G.G. is “torn.” She had to verbally and physically intervene when Mother and Stepfather got into fights at home. She still has a strong desire to make sure her mother and siblings “are okay.”
Mother testified she had been in a program for parents who have abused their children. She had also been seeing a therapist for four months as well as attending anger management classes.
Mother testified that she punished N.G. “once” in an inappropriate way. She stated she had never hit her before with a belt or used physical discipline. She testified that the contusion on N.G.’s head was from falling off a skateboard. She denied she ever hit N.G. causing N.G’s head to hit the table. She stated the fingerprint bruise on N.G.’s chest was a birthmark.
Counsel for the Bureau argued that from both the pictures of N.G.’s injuries and both N.G. and G.G.’s statements, it was clear Mother was lying that the abuse only happened one time. Counsel argued that reunification is not in the girls’ best interests. Counsel outlined the factors in section 361.5, subdivision (i) and stated the specific act that led to the dependency was neighbors reporting to the police they heard a child screaming. The abuse caused severe emotional trauma to G.G. and N.G. Despite Mother’s statements, there is a history of abuse in this case. N.G. wants no further contact with Mother.
G.G.’s counsel argued that although she was not the victim of the severe abuse, she was a witness to the abuse of her siblings and the domestic violence between Stepfather and Mother. In her testimony, Mother minimized the abuse and did not admit she caused trauma to N.G. G.G. deserves a safe, stable, permanent home as soon as possible.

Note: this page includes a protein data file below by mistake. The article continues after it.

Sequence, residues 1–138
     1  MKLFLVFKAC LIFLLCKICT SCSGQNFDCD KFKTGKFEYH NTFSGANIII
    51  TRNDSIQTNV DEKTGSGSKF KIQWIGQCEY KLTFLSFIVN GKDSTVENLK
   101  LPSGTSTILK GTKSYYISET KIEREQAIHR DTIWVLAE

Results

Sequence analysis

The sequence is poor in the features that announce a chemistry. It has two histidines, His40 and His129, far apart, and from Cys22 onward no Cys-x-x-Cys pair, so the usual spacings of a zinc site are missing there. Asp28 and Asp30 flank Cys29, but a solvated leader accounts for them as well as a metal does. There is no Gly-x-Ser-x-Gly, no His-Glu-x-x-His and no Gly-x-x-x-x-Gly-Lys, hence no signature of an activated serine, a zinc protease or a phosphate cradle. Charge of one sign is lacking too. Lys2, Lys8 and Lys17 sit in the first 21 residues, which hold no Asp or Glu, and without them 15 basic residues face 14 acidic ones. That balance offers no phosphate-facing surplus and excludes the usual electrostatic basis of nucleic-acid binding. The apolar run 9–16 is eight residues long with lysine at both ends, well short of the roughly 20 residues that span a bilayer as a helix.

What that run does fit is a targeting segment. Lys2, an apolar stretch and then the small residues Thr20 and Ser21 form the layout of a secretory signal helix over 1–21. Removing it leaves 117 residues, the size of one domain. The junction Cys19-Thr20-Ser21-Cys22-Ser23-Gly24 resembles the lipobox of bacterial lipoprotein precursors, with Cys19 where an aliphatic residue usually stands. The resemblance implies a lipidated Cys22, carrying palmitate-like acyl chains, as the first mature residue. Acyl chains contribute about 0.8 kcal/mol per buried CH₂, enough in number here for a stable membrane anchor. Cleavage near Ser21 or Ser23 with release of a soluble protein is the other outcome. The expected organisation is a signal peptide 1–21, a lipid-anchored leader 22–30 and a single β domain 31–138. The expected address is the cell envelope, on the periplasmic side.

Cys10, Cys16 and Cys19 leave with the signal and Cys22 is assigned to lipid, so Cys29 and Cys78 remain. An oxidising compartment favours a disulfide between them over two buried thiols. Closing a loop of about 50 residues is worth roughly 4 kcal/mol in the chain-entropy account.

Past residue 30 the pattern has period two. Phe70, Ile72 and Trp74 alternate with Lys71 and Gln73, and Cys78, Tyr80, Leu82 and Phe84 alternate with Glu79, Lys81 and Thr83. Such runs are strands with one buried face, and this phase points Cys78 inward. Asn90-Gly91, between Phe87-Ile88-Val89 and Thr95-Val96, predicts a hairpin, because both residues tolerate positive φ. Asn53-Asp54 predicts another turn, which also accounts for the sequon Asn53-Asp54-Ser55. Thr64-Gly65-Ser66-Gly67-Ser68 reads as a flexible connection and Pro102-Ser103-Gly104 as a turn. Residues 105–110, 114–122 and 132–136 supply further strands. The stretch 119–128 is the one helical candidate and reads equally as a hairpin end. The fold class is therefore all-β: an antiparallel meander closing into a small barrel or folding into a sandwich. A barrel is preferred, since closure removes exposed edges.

N.G.’s counsel argued that the photos of N.G.’s body show injuries and scars inflicted over a period of time. No amount of services can repair the relationship that does not appear to have existed in the first place.
The court found: “There is absolutely no question whatsoever that [N.G.] suffered from severe physical abuse. . . . [¶] The pictures speak for themselves.” This was not a one-time incident. The court found severe physical abuse by clear and convincing evidence. The court stated it could not find by clear and convincing evidence that it would be in N.G. or G.G.’s best interests to provide services to Mother. N.G. has emotional scars and does not want to see Mother. G.G. has suffered as well. She was exposed to domestic violence and watched the severe physical abuse of her sister. She tried to drown her sister.
The court found Mother needs to take responsibility for the damage she inflicted and until she can do that she cannot safely parent the children. Although she has engaged in services, she has not shown real, substantive progress.
The court found true all the allegations in the petition, section 300, subdivisions (a), (b), (d), and (i) for N.G., and subdivisions (b), (d), and (j) for G.G., by clear and convincing evidence. The court ordered no reunification services for Mother with G.G. or N.G. The court also found by clear and convincing evidence under section 361, subdivision (c)(4) that N.G. was sexually abused by Stepfather. The court set a section 366.26 hearing for September 6, 2017.
Mother argues that there was not substantial evidence supporting the trial court’s finding that reunification services should be denied. Mother does not dispute the trial court’s finding of severe abuse, but argues that reunification is in the children’s best interests.